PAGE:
Importantly, these suboptimal testing patterns exist in both top-ranked academic medical centers and nationally representative samples. A study of computed tomography pulmonary angiography in national Medicare emergency department visits demonstrates similarly large-scale overuse and underuse.4 Another study shows how variation in radiologists’ diagnostic skill can drive both overdiagnosis and underdiagnosis of pneumonia.5 Yet another study shows that hospitals’ relative level of specialization in invasive vs medical management of ACS can give rise to what amounts to both overuse and underuse.6

The simultaneous presence of overuse and underuse poses a challenge for traditional incentive-based economic models: physicians prescribe more care when they are paid more for it, and patients use more care when they pay less for it. Although this can explain overuse, it cannot explain widespread underuse of care that is both high-value and highly reimbursed. An emerging literature in behavioral economics illustrates the important role of nonfinancial as well as financial factors in driving care decisions, a phenomenon referred to as “behavioral hazard” (vs the core economics principle of “moral hazard” driven by misaligned financial incentives).7

Some behavioral factors, such as physicians’ skill, specialization, or intrinsic motivation, can enhance performance.5,6,8 Others, such as cognitive limitations and biases, can worsen performance. We found that physicians’ ACS testing decisions rely on an overly simple risk model that focuses on a handful of variables closely linked to ACS risk but neglects hundreds of others—ones that a machine learning model can capture. Physicians also put too much weight on salient variables, such as chest pain, relative to those variables’ actual predictive value. This complexity illustrates the value of machine learning–based decision aids, which can be used to construct risk scores that capture the richness of individual patients’ histories to help physicians deploy tests more effectively.

The combination of behavioral economics and machine learning can not only generate new insights into observed patterns of care, but also inform redesign of both payments and decision aids to better target care in real time. We believe this approach holds great promise for reducing waste while improving outcomes. But rigorous real-world testing is crucial before widespread adoption, and we are currently undertaking a randomized trial for the algorithm we developed.

Rigorous evaluation is important because these new tools, for all their promise, have major limitations. Like other statistical approaches, algorithms can only learn from the data they have. These data are inherently incomplete because they come from the existing health system and existing physician decision-making patterns. For example, our natural experiment1 indicates that increasing testing from the lowest rate we observed (18.1%) to the highest (32.3%) would reduce mortality, but we cannot recommend testing all high-risk patients, because we do not see what would have happened at even higher rates.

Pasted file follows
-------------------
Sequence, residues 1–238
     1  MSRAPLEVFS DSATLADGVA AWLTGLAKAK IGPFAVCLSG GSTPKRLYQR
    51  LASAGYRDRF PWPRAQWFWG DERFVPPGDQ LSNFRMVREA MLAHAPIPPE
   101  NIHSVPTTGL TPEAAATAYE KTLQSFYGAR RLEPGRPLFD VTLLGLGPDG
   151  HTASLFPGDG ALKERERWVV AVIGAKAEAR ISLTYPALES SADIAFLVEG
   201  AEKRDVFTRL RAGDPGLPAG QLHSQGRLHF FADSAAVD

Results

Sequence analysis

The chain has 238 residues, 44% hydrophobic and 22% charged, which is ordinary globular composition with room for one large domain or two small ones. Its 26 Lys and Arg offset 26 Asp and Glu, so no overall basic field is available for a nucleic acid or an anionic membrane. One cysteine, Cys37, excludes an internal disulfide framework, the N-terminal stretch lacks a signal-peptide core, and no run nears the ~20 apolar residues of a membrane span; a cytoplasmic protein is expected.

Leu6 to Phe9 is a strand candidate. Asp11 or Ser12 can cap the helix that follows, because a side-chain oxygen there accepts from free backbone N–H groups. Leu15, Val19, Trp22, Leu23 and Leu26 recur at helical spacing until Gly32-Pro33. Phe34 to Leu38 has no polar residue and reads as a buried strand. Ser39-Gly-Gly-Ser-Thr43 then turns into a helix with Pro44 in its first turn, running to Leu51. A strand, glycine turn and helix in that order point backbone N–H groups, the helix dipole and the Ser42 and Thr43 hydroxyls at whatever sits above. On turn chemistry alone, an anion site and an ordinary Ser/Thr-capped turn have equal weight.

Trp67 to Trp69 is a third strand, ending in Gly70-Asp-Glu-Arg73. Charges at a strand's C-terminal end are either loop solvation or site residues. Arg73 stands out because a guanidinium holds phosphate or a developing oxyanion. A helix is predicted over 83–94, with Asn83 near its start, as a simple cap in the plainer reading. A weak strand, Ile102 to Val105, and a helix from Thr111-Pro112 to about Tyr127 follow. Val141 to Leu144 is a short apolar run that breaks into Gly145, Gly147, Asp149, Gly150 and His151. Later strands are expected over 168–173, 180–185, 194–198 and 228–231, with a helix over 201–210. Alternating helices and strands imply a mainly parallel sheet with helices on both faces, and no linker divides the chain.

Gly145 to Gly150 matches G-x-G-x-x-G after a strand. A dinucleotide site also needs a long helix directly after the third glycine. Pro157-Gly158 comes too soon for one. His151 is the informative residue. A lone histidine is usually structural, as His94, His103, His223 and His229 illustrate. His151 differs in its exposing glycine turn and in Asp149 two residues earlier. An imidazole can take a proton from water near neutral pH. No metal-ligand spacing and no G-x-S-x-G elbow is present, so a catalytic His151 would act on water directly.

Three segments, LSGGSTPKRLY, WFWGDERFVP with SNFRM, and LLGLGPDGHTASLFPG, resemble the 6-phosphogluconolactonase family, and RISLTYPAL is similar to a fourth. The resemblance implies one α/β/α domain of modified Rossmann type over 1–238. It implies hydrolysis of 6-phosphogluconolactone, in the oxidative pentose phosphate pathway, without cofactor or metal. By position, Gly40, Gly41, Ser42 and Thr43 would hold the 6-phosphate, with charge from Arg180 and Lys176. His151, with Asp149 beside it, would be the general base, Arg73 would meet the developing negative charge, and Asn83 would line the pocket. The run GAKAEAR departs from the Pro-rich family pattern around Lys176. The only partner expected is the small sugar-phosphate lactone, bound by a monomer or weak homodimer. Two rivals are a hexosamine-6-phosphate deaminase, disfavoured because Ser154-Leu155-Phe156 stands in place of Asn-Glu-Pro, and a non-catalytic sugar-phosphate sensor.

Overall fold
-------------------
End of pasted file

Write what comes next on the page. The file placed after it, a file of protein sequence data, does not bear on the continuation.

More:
This is not an abstract statistical point: physicians may leave many high-risk patients untested because they have access to important information that the algorithm does not, including the physical examination findings (eg, the bruise on a high-risk patient’s chest that explains the chest pain) or results of specialized tests (eg, troponin levels) that are not present for all patients and thus cannot be included in a broadly applicable algorithm. Thus, while algorithms can substantially improve decision-making, the inherent limitations of the data they learn from means that physicians’ knowledge and insights will remain an important complement to these powerful tools.

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Article Information

Open Access: This is an open access article distributed under the terms of the CC-BY License. © 2022 Baicker K et al. JAMA Health Forum.

Corresponding Author: Katherine Baicker, PhD, Harris School of Public Policy, University of Chicago, 1307 E 60th St, Chicago, IL (kbaicker@uchicago.edu).

Conflict of Interest Disclosures: Dr Baicker reported receiving grants from the National Institute on Aging (P01 AG005842) during the submitted work; and serving on the board of directors for Eli Lilly and Mayo Clinic outside the submitted work. Dr Obermeyer reported receiving research grants from the Chan Zuckerberg Biohub, Google, the Gordon and Betty Moore Foundation, Ken Griffin (private philanthropy), the National Institutes of Health, and Schmidt Futures; receiving speaking or consulting fees from AcademyHealth, Anthem, the Attorney General of California, Blue Cross Blue Shield Tennessee, the Health Management Academy, Independence Blue Cross, and Premier Inc; having equity interests in Dandelion Health and LookDeep Health; and receiving compensation as a staff physician at Tséhootsooí Medical Center outside the submitted work.